A closer look displays a number of differences between the adults and the young. The parents (I have started to think of them as Merlin and Morgan) have larger heads relative to their body size. Their tails and wings are also longer and the variation in their colors is much more crisp. As you can see in this photo, their adult coloring helps them blend in with their surroundings.
The owlet's youthful white down will soon be replaced with more functional feathers.
During the same time, the owlets' skill, experience and confidence will grow dramatically.
Initially, the parents must provide all the food for their young. Learning to hunt successfully requires time to integrate a variety skills. The young must develop the patience to wait as potential prey approaches. They must determine which creatures are likely targets and which are too big or too fast. They must learn to fly silently between the trees and branches. Also they have to learn how to quickly and safely dispatch their prey. (In this photo, Morgan is offering the owlet the remains of a smaller bird.)
The young owls have to learn to triangulate the precise location of their prey.
Initially, their confidence and ability to fly is so minimal they spend their first few weeks out of the nest climbing about on branches. Older owls never get stuck with twigs in their face, but the young owlets need to keep a secure grasp on the tree, so they simply fight their way through the foliage.
By the the third or fourth day out of the nest, this owlet climbed out of the cedars and into the long, leggy rhododendrons, which provided more spacious perches.
During the day, the parents are usually happy to sit and sleep and then awaken at dusk to hunt; although, during this critical parenting part of the year they are alert and aware of the young at all times.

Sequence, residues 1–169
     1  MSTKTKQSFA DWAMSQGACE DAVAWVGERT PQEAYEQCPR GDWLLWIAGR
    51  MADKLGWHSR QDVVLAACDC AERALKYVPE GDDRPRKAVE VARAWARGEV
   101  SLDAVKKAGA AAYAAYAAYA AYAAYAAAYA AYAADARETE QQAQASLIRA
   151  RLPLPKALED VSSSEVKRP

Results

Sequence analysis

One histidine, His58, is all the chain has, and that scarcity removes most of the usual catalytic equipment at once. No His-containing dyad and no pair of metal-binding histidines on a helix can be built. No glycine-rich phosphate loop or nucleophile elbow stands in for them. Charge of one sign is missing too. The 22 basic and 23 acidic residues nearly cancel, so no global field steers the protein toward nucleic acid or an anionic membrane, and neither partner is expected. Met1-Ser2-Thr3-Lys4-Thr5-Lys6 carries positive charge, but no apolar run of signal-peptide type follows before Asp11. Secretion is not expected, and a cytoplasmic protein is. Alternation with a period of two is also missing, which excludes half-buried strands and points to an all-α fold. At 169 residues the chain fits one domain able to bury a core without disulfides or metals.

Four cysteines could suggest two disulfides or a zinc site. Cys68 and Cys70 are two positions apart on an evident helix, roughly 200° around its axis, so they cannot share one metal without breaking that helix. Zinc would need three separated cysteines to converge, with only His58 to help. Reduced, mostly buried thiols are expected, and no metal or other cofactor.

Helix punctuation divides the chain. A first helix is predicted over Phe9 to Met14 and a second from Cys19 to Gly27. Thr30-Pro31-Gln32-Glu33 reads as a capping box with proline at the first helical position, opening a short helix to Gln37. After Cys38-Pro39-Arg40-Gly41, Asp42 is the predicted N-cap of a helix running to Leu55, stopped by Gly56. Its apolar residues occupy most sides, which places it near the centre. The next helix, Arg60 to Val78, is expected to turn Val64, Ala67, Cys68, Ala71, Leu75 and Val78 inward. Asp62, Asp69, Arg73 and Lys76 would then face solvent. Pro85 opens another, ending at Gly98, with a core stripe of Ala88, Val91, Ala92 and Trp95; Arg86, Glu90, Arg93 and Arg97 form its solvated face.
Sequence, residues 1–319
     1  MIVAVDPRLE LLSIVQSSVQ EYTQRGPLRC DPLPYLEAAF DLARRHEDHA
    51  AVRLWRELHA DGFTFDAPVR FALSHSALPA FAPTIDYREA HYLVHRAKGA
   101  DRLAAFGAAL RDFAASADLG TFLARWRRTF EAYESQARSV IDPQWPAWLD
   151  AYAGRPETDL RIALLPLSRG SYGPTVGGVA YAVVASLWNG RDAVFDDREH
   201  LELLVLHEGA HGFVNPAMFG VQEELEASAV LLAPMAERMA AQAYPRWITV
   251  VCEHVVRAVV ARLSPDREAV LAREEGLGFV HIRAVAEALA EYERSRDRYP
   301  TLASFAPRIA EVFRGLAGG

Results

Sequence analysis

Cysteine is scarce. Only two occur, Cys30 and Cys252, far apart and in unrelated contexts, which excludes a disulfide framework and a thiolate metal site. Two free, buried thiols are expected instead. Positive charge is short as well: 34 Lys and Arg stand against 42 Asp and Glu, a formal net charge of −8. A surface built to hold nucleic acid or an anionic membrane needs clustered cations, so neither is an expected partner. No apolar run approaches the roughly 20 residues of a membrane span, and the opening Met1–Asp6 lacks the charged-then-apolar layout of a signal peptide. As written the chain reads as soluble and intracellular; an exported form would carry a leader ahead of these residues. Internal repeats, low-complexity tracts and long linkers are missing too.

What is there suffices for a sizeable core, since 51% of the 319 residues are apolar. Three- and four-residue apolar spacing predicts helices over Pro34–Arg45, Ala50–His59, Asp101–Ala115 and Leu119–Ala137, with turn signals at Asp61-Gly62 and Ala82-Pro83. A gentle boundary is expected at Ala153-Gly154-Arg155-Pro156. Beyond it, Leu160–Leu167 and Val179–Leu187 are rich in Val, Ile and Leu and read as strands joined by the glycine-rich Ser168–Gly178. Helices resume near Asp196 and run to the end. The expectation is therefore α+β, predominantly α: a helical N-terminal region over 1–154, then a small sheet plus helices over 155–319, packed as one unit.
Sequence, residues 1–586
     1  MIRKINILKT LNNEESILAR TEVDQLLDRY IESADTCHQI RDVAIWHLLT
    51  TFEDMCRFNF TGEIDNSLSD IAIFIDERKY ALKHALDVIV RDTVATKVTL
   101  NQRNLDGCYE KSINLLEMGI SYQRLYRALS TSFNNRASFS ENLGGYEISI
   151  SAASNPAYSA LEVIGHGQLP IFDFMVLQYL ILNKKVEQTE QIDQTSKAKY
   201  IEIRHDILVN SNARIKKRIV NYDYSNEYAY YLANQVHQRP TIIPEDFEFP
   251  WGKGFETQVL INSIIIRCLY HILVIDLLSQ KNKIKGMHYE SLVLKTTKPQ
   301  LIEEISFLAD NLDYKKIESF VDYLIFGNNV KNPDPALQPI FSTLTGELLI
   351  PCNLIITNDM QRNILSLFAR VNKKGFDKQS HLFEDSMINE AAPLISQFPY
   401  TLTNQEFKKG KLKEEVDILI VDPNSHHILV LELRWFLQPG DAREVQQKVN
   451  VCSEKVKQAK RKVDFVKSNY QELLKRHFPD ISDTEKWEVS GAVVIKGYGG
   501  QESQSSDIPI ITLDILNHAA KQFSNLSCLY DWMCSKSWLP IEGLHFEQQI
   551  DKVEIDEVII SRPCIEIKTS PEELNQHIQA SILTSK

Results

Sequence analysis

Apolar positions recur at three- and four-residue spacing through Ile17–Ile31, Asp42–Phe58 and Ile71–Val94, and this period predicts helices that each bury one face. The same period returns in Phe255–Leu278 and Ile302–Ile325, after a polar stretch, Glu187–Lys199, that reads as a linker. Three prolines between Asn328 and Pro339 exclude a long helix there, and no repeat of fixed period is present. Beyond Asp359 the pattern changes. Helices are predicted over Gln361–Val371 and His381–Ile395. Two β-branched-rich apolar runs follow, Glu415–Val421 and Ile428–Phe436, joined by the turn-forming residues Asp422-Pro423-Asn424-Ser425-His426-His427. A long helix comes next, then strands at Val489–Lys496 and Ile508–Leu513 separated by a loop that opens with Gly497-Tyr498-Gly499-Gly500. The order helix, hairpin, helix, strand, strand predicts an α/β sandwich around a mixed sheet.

Being well fed and full of curiosity, the young feel the need to move about, even during the daylight. Here the wings are being used for balance instead of lift.
So much to learn and so little time, the walk-about continues.
I was surprised to realize that weeks after leaving their eggs the owlets still often appear "egg-shaped".
Learning to balance is...
…just one of the many skills…
… the young owlets must master.
Having sharp talons does help...
…compensate for their lack of balance.
Even with the wings slightly extended, their egg-shape is still apparent.
In the same snag where the owls nested, nuthatches and chestnut-backed chickadees also nested; maybe, the presence of the adult owls provided the smaller birds with protection from raccoons, cooper's hawks and other predators.
In any case, I believe stellar's jays were nesting somewhere nearby. As a friend pointed out, whenever jay's are present, but exceptionally quiet, you are probably near their nest.
Sadly, the peace and quiet did not last.
Just after the owlet negotiated its way up this rhododendron branch, it glided over to a coniferous tree, where it was quickly approached by a very loud Stellar's jay. Maybe the jay was attempting to protect its nest.
In any case, the noisy jay clearly intimidated the owlet. Not yet confident in its ability to fly, the owlet used its sharp talons to climb directly up side of the tree, while flapping its wings wildly. The jay kept up the constant banter, causing the young owlet to frantically climb higher and higher. Once the jay decided the owlet was no longer a danger, it moved on. The experience made me realize how a smaller more mature bird could easily scare young birds into making a fatal mistake.
Luckily, I was able to catch up with our young owlets this week. They both looked quite healthy and able-bodied. Their wings and tails are longer and they are now adept at flying. They are looking more and more like their parents. I suspect it would be rather unwise for a jay to try and harass the owlets now, particularly since the young birds seem very confident and full of the magic of life.
Have a great day on Union Bay…where nature does magic in the city!